Baby babbling: Is it a magic spell for Grandma’s heart?

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Harper Rose decided that Grandma’s photo day wasn’t a shoe day. And that was just fine with Grandma. (Most things that Harper does are fine with Grandma, honestly.) Photo by Carolyn Bahm.

I’m getting to go through all the steps of babyhood again, just as I did with my own two daughters. But this time, it’s as a grandmother with the privilege of handing the darling babe back to her mom when I’m tired or the diaper is particularly wretched.

Carolyn Bahm

Harper is now almost 9 months old, and I don’t even care when she grabs my face with her strong baby fingers and those sharp-as-a-blade baby fingernails that seem to grow out overnight. She’s currently beguiled by glasses, so I’ve started keeping an old pair lying around to use when she’s feeling grabby. And when she’s visiting, I know to remove my hoop earrings and necklace (which are also baby magnets).

She was mightily frustrated recently when I was wearing a blouse that has a non-removable metal circle sewen into the front of the neckline. Clearly, I was keeping a shiny new teether from her, right?

All their little baby antics are worth it, though. It’s so charming when they look at you solemnly and then break out into a gummy grin because they know — they just know — they have you wrapped around their little fingers.

Just now, Harper’s going through the babbling stage, where it’s a steady stream of “Da-da-da,” “Ma-ma-ma” and (when she’s distressed because her mom is more than three feet away from her) “Nay-nay-nay.”

That one often makes me grin, because the repeated “Nay” sounds a lot like a very intentional protest. (“Nay! Nay, I say!”) The little queen has spoken.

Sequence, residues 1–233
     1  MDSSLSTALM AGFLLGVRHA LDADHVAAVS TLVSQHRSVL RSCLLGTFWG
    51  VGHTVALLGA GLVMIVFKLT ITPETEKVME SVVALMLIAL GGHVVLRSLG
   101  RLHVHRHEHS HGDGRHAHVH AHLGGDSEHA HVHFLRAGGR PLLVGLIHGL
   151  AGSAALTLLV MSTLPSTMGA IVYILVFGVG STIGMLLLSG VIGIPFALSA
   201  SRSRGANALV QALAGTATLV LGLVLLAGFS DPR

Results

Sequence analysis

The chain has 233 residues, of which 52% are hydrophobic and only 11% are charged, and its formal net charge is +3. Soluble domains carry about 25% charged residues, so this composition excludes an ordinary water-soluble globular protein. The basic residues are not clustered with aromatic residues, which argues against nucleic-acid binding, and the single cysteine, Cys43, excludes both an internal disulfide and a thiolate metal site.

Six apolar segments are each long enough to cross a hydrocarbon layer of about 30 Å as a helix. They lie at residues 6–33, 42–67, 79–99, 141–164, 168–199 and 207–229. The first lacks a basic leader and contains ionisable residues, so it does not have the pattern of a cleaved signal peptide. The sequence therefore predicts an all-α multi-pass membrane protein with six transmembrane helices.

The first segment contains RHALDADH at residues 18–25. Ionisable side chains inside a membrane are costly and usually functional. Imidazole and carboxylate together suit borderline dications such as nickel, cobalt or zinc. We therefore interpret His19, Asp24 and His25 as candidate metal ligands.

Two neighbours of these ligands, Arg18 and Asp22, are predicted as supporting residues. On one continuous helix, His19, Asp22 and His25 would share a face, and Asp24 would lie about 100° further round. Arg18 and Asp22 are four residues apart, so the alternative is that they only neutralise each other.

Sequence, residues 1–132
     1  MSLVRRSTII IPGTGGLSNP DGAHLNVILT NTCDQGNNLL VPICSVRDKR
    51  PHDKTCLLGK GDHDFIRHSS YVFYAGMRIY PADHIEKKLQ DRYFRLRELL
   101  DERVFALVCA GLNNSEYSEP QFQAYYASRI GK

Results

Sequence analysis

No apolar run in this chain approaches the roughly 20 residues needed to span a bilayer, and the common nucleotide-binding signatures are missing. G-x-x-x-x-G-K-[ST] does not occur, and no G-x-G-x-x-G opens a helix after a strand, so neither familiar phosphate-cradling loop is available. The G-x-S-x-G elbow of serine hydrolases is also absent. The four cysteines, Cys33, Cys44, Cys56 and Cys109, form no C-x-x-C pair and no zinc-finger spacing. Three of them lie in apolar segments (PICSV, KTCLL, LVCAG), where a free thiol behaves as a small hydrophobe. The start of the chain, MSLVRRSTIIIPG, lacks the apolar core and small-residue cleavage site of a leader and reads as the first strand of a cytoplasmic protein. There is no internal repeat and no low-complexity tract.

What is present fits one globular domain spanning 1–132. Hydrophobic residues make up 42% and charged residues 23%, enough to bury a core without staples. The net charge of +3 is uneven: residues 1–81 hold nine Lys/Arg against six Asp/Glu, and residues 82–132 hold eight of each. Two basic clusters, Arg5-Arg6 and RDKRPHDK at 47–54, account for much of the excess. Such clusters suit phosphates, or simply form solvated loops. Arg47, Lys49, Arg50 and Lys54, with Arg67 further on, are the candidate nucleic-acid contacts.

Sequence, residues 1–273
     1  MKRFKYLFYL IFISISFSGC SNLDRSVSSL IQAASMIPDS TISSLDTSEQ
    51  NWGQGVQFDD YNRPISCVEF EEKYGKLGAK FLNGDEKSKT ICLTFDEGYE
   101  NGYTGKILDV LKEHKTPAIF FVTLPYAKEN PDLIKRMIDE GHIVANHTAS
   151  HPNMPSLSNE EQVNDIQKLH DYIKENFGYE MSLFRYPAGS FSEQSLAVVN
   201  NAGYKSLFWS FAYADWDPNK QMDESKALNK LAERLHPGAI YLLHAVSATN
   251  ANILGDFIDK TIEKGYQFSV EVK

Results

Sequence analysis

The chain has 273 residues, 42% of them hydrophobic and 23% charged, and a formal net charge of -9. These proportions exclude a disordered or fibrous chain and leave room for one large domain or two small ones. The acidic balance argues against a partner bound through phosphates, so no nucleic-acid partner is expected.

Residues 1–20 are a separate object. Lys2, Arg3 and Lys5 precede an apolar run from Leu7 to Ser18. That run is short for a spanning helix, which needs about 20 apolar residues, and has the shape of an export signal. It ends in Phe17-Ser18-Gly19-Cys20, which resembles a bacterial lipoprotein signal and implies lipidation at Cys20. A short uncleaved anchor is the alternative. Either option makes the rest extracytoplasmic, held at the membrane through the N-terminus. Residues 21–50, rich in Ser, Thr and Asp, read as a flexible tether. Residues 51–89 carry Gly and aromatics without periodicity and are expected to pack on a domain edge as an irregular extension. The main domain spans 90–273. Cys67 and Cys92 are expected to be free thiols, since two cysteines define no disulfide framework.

It started me to thinking about babies’ first words. Aside from “Ma” and “Da,” my firstborn’s first word was “tickle.” I guess I must have tickled her a lot when she was a plump little marshmallow in my arms.

Then I started wondering how infants instinctively know the names for mama and daddy. Why are babies so consistent with those labels? And why do they so often say “Dada” first?
So off I went to Google.

Turns out, the best explanation I found was that babies are just practicing sounds that are fun to say. Eons ago, people decided those sounds would work just fine as terms for parents.

So the babble comes first, and the eager parents reinforce it by clapping and saying, “Yes, baby! I’m your mama!”

So … do we know why babies often learn the term for their fathers before the term for their moms, the ones who tend to do most of the baby care?

Greatspeech.com had some insights: The Russian linguish Roman Jakobson said, “The sound of ‘m’ (for ‘mama’) is easier for babies to make because they tend to do so when their mouths are fastened to a bottle or breast.”

But on the same website, I believe that Breyne Moskowitz, PhD, won the argument about why “Dada” often comes first anyway in the baby lexicon: Nasal sounds such as “m” are harder to say, so babies are more likely to utter the sound “dada” because it doesn’t require forcing air through the nose.

And there we are, the grinning parents and grandparents and aunts and uncles, cooing at the little ones, clapping and cheering and kissing them when we hear the magic words. It’s no wonder they learn terms for family members so quickly.

While Harper was visiting us recently, she fixated on our fluffy elderly cat, Larry. Though she’s probably just babbling nonsense sounds in this case too, we choose to believe that her high-pitched squeals of “Ma!” mean “meow.”

Pretty confident she’s a genius now.

And it’s heartwarming to watch and listen to her as she blossoms. I still recall when her mommy was a toddler, calling caterpillars “KALL-er-pitters” until someone else clued her in (darn it).

So, tell me — what are your favorite experiences with your baby learning to speak?
Did they have any cute special words that are now part of your family’s vocabulary? (I still think “callerpitters” rules.)

CAROLYN BAHM is the editor of The Bartlett Express. Contact her by phone at (901) 433-9138, by fax to (901) 529-7687 and by email to carolyn@magicvalleypublishing.com.